Daniel F. Moriarty

Associate Professor of Chemistry and Biochemistry

Phone: (518) 783‑2472
Email: dmoriarty@siena.edu


Degrees:

Ph.D. Chemistry SUNY Stony Brook
M.S. Chemistry SUNY Stony Brook
B.S. Chemistry Siena College

Bio:

Born and raised in Delmar, NY, Dr. Moriarty received a B.S. in Chemistry from Siena College before moving to Stony Brook University. He studied under Dr. Daniel Raleigh and received his Ph.D. in Chemistry. He then spent three years at Rensselaer as a Post-Doc working with Dr. Wilfredo Colon in the Chemistry and Chemical Biology Department before coming back to his alma matter and joining the faculty.

What I love about Siena:

The school has a strong sense of community. We have a strong focus on undergraduate education, both in the classroom and in the lab. The classes are small enough that I get to know all the students. I can see what they are doing well on, and what they need a little extra help with.

My Favorite courses to teach are:

-General Chemistry. This class not only lays the foundation of the remianing chemistry courses, but since many students take the course in their first year, it helps prepare them for life in college.
-Physical Biochemistry. Most of our chemistry majors do not take many biology courses while at Siena. This gives me a chace to show the students biological application of the chemical principles they have learned. It is also a class that the seniors take, so I get to see the students at both the beginning and the end of their career at Siena.

Professional Experience:

Associate Professor, Chemistry & Biochemistry Siena College 2008 - Now
Visiting Research Associate, Chemistry & Chemical Biology RPI 2008 - 2009
Assistant Professor, Chemistry & Biochemistry Siena College 2003 - 2008
Visiting Assistant Professor, Chemistry Siena College 2002 - 2003
Post Doctoral Research Fellow, Biochemistry RPI 1999 - 2002

Why I chose Siena:

Having gone to college at Siena, I knew the environment was a great fit for me. I really enjoy the 1-on-1 interaction with the students and our great facilities. The people really make the School of Science and Siena a special place. Once I walked back on campus for the interview, I knew I had found the place for me.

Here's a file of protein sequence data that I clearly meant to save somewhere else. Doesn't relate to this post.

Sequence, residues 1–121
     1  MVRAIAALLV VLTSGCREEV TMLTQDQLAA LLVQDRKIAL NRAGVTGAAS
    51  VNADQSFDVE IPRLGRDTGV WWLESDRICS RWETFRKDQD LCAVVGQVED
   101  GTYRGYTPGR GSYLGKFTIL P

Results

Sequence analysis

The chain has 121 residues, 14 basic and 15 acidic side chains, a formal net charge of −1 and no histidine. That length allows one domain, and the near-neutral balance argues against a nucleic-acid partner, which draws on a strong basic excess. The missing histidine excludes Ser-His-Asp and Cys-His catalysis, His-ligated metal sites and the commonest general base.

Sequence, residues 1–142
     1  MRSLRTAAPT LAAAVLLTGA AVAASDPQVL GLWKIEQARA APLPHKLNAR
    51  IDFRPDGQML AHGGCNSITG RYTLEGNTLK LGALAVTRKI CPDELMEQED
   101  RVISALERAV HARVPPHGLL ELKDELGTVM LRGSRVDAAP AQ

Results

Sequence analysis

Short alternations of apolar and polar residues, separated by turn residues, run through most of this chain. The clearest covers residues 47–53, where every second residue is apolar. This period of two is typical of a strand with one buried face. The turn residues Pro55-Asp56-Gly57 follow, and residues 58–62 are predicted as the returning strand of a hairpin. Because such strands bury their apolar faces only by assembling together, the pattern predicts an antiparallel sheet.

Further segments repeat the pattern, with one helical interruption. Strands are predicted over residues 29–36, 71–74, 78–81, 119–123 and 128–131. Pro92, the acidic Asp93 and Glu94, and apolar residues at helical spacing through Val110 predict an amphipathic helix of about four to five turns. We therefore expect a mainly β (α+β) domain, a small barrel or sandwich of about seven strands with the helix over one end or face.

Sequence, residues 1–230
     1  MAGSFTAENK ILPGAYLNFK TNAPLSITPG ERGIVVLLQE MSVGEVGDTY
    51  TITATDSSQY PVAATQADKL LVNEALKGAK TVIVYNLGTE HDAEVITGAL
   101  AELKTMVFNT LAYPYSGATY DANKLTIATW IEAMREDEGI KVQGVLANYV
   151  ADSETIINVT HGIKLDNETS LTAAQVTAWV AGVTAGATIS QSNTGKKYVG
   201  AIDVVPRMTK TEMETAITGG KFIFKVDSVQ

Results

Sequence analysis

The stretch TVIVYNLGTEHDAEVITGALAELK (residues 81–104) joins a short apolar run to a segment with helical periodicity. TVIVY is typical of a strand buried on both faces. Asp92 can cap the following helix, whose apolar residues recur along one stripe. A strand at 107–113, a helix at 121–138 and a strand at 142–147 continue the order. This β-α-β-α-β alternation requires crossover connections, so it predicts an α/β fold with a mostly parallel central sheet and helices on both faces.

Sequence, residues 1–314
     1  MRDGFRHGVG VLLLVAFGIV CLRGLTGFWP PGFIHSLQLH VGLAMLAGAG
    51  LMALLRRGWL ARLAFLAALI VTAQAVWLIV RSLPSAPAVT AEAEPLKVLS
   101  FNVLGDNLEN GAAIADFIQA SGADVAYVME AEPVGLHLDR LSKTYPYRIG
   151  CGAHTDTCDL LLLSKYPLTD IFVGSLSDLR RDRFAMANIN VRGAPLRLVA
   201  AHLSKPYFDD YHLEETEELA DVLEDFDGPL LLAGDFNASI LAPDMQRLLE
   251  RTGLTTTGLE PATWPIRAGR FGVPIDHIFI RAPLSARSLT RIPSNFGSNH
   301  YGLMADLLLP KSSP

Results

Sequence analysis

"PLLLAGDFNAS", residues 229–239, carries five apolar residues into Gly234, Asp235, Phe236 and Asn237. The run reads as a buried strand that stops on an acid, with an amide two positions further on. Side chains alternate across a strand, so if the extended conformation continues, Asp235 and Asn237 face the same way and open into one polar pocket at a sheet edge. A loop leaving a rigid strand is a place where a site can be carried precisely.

Office Hours:

MON: 01:30 PM-02:30 PM
TUE:
WED: 01:30 PM-02:30 PM
THU: 09:30 AM-11:30 AM
FRI: 01:30 PM-02:30 PM

My current research:

-Protein Folding
-Amyloid Formation and Disease
-Astrobiology
-Molecules with Antibacterial Properties from Natural Sources

My teaching philosophy:

One thing I try to do is to make the material interesting for the students regardless of major. Teaching is a partnership, and while it is ultimately the student’s responsibility to learn the material, I believe there is also a duty of the professor to help the students along and to make the subject matter accessible and engaging. One important way I do this is in every lecture to show the students the relevancy of the material to everyday life. Why does Tums or Milk of Magnesia help settle an upset stomach? Simple acid-base chemistry. What causes Alzheimer’s Disease and Type II Diabetes? Misfolded proteins. Why does cooking an egg cause it to become harder? Thermally denatured proteins. Bringing the student’s own experiences into the lecture allows them to take more out of the material. I also believe it’s important for the students to see exactly how scientists have arrived at their discoveries over the years. This gives them a better understanding of how scientists conduct their work, as well as an appreciation for the many hurtles that we have yet to overcome.


Using iPads in the Chemistry Classroom: Focusing on Paperless Education and Identification and Directed use of Pedagogically Directed Applications
Chemical Educator
2013
A Truncated Peptide Model of the Mutant P61A FIS Forms a Stable Dimer
Biochem Biophys Acta
2007
Equilibrium denaturation studies of the E. coli factor for inversion stimulation: Implications for in vivo function
Protein Science, vol. 11
2002
Role of Local Interactions in Stabilizing the 6-120 Disulfide Bond in á-lactalbumin: Implications for Formation of the Molten Globule State
Biochem Biophys Acta, vol. 1476
2000
Analysis of Sequential Proline Substitutions on Amyloid Formation in the Polypeptide Hormone Amylin
Biochemistry, vol. 38
1999
A Role for the C-terminus of calcitonin in Aggregation and Gel Formation: A Comparative Study of C-terminal Fragments of Human and Salmon Calcitonin
Biochem. Biophys. Res. Comm, vol. 245
1998
Amyloid Proteins: The Beta Sheet Conformation and Disease
Wiley-VCH
2005
Practical Limitations on Matrix-assisted laser desorption ionization time-of-flight mass spectroscopy (MALDI-TOFMS)
2014
Academic Celebration Siena College, Loudonville, New York
Isolation and Characterization of Antibacterial Molecules in Different Species of Cinnamon